It's considered a highly-influential cult classic

Harrison Ford in 'Blade Runner'
Image via Getty/Warner Bros.

While it wasn't a commercial success (making $33.8 million at the box office on a $28 million budget), Blade Runner's been revered as a true cult phenomenom. It's seen as one of the cornerstones for the cyberpunk movement, which highlights a juxtaposition of technological advances against a breakdown of social order; everything from the Matrix trilogy and Ghost In the Shell to games like Perfect Dark can be seen as direct descendants of Blade Runner. Hell, movies like A.I. and I, Robot feel like direct-descendants of the "science is going to kill us" storyline.

One more interesting point is that the movie (and its cult status thereafter) helped coin two terms: replicant and retrofitted, the latter describing (as The Conversation put it in 2016) "the film’s clever design, with its postmodern flourishes and visual in-jokes." It also helped further put Harrison Ford and Rutger Hauer onto the path of stardom.

There are multiple versions of the movie

Harrison Ford in a scene from the movie 'Blade Runner'
Image via Getty/Stanley Bielecki Movie Collection

Here's where Blade Runner's history and legacy gets interesting. A total of eight different versions of Blade Runner exist, front test audience to final cuts. Why? It genuinely feels like there was a number of differences between what Ridley Scott wanted the film to be and what Warner Bros. thought would work for audiences (including the "happy ending" that Warner Bros. wanted included). Everything from Deckard's narration (which was said to have been included in post due to test audiences not understanding the film) to the end credits have been removed and replaced, can cause confusion and debate on which version is the best version to watch to experience the film in its intended format.

For the film's tenth anniversary in 1992, the "director's cut" was released, after Scott was pissed about a workprint version of the film being leaked to the masses. Scott, who had been working on Thelma & Louise at the time, wasn't satisfied with this version, and Ford himself said told Empire that the movie didn't move him at all, calling it "an exercise in design." In 2007 for the film's 25th anniversary, the "final cut" of Blade Runner was released, which was the only version Scott had complete artistic control over.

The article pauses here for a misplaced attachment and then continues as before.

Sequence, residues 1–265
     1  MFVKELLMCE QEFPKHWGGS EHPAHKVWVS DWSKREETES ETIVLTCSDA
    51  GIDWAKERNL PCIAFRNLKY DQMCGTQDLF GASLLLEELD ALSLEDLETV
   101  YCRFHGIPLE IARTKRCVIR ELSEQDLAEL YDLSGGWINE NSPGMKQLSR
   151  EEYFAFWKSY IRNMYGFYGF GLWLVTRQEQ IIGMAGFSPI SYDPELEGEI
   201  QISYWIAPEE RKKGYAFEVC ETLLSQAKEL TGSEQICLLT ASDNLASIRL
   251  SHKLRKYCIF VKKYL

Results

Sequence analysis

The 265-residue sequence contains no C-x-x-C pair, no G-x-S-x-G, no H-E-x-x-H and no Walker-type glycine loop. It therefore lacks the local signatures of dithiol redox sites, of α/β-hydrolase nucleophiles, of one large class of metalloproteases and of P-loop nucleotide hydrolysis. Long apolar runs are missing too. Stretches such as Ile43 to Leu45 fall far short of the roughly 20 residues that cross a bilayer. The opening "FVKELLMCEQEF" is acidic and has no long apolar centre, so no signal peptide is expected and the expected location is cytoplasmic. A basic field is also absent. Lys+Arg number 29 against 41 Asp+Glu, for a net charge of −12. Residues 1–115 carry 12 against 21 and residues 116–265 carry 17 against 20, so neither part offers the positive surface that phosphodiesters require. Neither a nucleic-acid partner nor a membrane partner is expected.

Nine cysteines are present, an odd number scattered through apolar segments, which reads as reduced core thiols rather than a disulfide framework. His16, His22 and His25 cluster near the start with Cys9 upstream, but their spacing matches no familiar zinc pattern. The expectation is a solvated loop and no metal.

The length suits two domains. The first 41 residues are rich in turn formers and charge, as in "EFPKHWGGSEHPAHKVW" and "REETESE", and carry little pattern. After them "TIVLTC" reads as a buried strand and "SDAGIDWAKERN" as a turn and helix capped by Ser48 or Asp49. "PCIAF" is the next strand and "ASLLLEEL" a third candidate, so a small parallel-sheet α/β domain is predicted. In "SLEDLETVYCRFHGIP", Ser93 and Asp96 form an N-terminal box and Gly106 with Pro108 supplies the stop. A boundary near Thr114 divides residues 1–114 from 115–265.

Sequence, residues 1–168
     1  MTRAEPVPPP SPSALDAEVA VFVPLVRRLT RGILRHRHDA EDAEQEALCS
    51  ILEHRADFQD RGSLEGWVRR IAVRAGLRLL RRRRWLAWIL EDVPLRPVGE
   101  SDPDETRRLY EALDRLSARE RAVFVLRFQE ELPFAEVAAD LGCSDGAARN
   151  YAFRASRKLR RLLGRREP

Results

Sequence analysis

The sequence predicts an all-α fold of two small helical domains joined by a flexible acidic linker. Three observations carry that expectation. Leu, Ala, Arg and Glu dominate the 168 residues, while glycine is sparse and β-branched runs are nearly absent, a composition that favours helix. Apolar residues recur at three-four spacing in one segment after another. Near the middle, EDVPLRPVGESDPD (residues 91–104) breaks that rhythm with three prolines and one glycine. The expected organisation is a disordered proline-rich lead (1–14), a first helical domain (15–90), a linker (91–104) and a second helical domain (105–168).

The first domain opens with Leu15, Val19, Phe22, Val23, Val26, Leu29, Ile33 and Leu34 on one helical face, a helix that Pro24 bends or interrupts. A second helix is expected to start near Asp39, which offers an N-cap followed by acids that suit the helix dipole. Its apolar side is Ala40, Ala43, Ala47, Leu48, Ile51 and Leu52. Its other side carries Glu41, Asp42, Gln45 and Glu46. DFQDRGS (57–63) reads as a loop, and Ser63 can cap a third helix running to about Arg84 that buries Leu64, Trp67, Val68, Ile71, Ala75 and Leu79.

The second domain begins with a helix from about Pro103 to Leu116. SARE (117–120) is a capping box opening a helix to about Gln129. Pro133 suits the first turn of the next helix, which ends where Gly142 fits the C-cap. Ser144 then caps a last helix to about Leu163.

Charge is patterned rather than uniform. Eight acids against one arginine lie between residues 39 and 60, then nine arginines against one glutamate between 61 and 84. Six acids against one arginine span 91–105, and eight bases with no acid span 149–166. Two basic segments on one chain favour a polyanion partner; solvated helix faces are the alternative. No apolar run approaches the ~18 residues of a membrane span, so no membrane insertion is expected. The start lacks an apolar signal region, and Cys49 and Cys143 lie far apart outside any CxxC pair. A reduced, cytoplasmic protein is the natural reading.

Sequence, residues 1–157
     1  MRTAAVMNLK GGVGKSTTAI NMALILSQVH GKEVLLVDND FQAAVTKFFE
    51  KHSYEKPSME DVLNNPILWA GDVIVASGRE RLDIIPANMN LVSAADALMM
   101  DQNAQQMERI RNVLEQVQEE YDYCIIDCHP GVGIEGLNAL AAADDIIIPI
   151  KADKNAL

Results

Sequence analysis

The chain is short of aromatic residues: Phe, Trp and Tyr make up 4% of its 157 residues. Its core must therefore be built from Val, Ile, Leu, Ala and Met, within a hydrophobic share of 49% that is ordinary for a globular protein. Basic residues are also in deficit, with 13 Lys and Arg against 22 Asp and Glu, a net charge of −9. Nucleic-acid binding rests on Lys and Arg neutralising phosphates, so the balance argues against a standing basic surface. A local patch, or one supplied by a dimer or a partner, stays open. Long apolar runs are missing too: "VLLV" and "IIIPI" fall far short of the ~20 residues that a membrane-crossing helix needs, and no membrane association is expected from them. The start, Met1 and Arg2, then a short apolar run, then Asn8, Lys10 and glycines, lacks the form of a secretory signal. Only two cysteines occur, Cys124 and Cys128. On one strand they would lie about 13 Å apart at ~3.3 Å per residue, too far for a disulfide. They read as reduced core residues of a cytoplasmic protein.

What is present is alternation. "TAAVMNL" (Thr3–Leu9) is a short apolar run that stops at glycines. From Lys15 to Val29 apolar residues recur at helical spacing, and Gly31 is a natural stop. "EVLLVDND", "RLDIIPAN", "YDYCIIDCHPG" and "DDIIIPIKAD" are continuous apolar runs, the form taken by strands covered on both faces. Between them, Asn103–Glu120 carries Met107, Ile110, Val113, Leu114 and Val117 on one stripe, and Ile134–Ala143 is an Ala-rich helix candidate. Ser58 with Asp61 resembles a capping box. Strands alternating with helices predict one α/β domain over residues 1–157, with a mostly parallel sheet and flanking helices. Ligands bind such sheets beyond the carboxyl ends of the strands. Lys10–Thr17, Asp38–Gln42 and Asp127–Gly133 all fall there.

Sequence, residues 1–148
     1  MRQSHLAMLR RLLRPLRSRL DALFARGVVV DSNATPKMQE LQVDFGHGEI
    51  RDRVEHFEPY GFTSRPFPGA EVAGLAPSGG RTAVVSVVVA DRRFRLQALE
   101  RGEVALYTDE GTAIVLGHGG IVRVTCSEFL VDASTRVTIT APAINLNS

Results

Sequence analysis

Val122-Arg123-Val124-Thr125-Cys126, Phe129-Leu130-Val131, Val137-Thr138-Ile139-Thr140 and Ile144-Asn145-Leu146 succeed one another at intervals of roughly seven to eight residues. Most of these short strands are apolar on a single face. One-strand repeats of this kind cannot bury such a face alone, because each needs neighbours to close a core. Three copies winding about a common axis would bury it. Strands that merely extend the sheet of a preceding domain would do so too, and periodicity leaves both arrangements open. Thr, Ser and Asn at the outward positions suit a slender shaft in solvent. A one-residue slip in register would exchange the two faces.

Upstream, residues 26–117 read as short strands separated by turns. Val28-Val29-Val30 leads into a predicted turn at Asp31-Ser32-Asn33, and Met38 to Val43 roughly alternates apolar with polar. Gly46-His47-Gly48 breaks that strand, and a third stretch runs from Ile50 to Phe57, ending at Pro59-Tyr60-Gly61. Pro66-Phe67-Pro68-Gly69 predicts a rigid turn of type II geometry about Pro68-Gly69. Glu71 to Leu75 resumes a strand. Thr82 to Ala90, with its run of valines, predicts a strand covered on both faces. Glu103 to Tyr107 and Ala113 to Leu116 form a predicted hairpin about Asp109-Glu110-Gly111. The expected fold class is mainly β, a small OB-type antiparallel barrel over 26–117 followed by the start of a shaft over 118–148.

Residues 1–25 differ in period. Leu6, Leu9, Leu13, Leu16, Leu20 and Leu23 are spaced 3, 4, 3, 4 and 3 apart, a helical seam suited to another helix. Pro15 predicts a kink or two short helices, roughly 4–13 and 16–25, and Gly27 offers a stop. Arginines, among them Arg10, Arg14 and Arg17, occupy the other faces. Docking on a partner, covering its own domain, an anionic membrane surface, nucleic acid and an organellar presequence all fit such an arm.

Which version you watch depends on what's more important to you. The 1982 theatrical cut might be the easiest to understand, with Ford's 13 points of narration, plus it lends itself to more of the noir influence that the movie draws from. The 1992 director's cut may be closer to Scott's original plan, but also contains the seeds for the biggest questions: is Deckard himself a replicant? It also includes an restored soundtrack, as well as three extra scenes that were only seen in the international cut. It's as complete as the original is going to get, and puts adds a new layer to the film's long, drawn-out conversation about what it is to be a human.

Blade Runner truly is a magnificent chore to watch. Even in its greatest version, its still a massive undertaking, challenging viewers to endure a brooding, lowkey detective tale set in a futuristic dystopia with characters that may or may not be human. Without the narration, the slow-paced tale demands your attention. It's an important film, especially for anyone calling themselves a true film buff, and hopefully the long-awaited sequel finds a way to capture even a bit of the original's essence.